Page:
not speak of eastern England contemning
the power of western colonies. The
power of America to day among the
nations of he earth, is the answering re
sult. So eastern New England, eastern,
southern and middle States,' may know,
and do know, that the west is destined
to be the seat of power, empire and pro
gress. Here is room for a hundred
States and. a population of hundreds' of
millions, and the triumph inevitable is
not one of war and desolation it is one
of peaceful but certain progress; the re
sult of a law of Nature in .her bestowals
and decay of resources and no power of
human assumption can stay its hand.
Here are the virgin fields, and there aro
the starving millions; and the scanty
fare which older and exhausted lands arc
compelled to offer in contrast to the
wealth, influence and hopeful future in
the new, will but repeat the old, old story
that, "Westward the Star of Empire
leads the way I"
Shaking Hands. As a mode of
salutation shaking hands as is common
in this country has its advantages over
many others practiced in various coun
tries. There are nations, .indeed, or at
least tribes, the people of which bid each
other the time of day by rubbing noses.
Now the inconvenience of this is manifest
because unpleasant results might follow
the contact of an acquiliae with a snub,
don't you see! 1 Worse than this, "be
cause more difficult, is tho gymnastic
salutation in usage amoDg the natives of
some mountain regions of Asia, the exact
latitude and, longitude of which wc do
not now remember. When two of them
meet,' they abandon themselves to their
feelidgs by stretching out each the right
leg, and planting the sole of one another's
feet together. Some of the sArabr wel
come a stranger by rushing at him full
tilt on horseback, pulling up with a jerk
as the noble steed'a nose touches his,
and then firing several pistols at him in
quick succession.? There is something
picturesque in this, but it has its draw
backs. It would bo considered rather
too boisterous for our civilizaUonl 'L Shak
ing hands is of great antiquity, and it
does seem tho most natural way of ex
pressing one's greetings to a friend.
Nevertheless, shaking hands may be car
ried to the'estent 'of . a nuisance, and it
often i is."- There , ai? i persons whoj not
content with shaking your hand on first
meeting you of a morning, will repeat
the process every - time they meet you
daring tbe day. 4. I . ; . ,
I Many, a good kiss has been nipped -in
the had by a.eix-yeax.old nuisance bring
ing a light into the room. " ' ' i;
Mr'Xtackle' Law of Averng-e.
The late ; Mr.' Buckle, in his . "Intro
duction to the History of Civilization in
Englaud," somewhat startled the world
by announcing a theory of averages,
which bo applied to all human actions,
and from which he argued we might fore-
east the future. It wa3 philosophy leach
ing by statistics." In such a space of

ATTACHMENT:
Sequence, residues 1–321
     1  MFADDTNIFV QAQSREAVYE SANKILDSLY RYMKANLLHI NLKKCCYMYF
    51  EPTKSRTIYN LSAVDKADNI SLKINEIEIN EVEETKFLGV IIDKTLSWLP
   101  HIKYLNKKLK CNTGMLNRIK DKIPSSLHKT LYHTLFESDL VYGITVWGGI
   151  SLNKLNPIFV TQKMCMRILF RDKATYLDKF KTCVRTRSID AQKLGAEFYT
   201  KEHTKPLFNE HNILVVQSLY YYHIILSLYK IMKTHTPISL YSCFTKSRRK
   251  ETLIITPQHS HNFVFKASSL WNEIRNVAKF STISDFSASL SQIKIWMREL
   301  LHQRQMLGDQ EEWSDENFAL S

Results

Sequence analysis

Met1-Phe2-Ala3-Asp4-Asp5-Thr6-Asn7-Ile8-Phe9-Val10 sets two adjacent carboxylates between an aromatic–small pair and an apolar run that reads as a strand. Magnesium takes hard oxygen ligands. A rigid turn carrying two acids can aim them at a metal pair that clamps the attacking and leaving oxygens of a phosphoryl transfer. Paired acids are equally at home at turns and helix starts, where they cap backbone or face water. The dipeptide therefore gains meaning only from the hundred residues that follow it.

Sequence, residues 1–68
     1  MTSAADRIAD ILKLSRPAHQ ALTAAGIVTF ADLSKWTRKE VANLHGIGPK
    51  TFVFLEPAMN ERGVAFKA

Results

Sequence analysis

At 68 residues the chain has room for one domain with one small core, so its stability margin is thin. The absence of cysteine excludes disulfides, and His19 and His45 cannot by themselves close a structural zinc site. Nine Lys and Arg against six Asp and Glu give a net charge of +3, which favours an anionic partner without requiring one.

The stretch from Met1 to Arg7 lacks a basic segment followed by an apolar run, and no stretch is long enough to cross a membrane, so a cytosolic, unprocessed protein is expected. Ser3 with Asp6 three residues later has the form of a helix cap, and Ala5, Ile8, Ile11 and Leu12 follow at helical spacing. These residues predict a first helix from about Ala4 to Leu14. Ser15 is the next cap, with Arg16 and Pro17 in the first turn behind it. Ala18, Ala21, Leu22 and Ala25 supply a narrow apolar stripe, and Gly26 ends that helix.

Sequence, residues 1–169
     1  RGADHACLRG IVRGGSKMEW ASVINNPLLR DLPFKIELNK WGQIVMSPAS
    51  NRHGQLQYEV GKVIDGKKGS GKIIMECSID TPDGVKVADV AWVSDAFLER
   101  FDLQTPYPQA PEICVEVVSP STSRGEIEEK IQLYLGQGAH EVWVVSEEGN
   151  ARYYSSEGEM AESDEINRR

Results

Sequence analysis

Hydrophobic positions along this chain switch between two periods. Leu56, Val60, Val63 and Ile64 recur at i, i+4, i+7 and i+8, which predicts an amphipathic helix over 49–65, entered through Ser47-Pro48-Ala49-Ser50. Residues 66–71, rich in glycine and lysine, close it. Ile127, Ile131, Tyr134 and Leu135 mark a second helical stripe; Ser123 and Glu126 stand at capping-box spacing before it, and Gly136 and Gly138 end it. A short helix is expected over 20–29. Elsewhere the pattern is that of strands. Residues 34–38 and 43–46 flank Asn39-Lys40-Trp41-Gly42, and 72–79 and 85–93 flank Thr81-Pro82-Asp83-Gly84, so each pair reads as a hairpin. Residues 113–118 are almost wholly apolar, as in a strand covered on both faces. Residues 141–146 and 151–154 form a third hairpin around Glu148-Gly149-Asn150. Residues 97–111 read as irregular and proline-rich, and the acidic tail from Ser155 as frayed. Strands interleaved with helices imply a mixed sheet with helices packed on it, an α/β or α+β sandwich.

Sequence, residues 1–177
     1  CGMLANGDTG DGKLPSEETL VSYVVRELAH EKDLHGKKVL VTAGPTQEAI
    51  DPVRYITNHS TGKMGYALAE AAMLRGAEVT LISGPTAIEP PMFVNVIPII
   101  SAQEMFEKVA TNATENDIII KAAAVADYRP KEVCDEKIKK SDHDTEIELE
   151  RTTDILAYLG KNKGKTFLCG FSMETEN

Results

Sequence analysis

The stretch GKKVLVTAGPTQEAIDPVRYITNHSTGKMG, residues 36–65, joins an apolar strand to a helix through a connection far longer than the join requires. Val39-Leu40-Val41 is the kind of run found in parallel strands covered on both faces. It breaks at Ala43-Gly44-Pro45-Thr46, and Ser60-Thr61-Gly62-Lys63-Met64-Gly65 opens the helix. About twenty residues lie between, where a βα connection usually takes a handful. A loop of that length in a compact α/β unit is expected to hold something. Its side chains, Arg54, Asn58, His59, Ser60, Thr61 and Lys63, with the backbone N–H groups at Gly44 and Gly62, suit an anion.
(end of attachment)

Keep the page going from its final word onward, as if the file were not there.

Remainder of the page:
time there would be so many forgeries,
arsons, murders. Not only this bnt the
murders would repeat themselves in he
laanlleioTv their perpetration ; just' the
some number be" by poison', by the pistol,
by. the bludgeon, etc. If in any! three
months of 1$20, six sons had killed their
fathers, the like number of cases of "par
ricide, with a: certain increase for the
increase of population would occur in
the same three months of 1850. We
are under the operation of a law seeming
ly beyond our control or recognition.
This extraordinary theory has seem
ingly just received a striking cotifirma-'
tion in the Registrar-General's reports of
accidents in jthe streets of" London. For
many years past it has been observed
that for the first nineteen weeks of the
year just savuoty-four persons have been
killed by being run over iu the public
thoroughfares. It was 'therefore expec
ted, from the unfailing law of average,
that the sihio uumbcr would bo killed for
the first nineteen weeks in 18G0. On 'the
8th day 'of May,'' after the lapse of eigh
teen weeks, the number of fatal accidents
of this kind should have been seventy
but it fell four short of that number.
Obviously", then, the law cf arerage must
fail, or the accidents for the week ending
the 15th of May must be doubled. Cu
riously enough for the first seven days
from the 8th to the fifteenth, eight per
sons were actually killed instead of four,
and thus the seventy-four victims deman
ded by the merciless arithmetic were
fully made up.
This was certainly odd. The. deduc
tion from it would seem to be that when
accidents or crimes are in arrcar, the pub
lic should be notified, in order that, by in
creased caution or vigilance, the expected
disasters may be avoided. We iake
precautionary measures against unusual
peril, which we can confidently antici
pate; we give additional props to build
ings which "- are to undergo on
unaccustomed strain, and double a police
force when immense crowds of people are
to be- brought together. Should there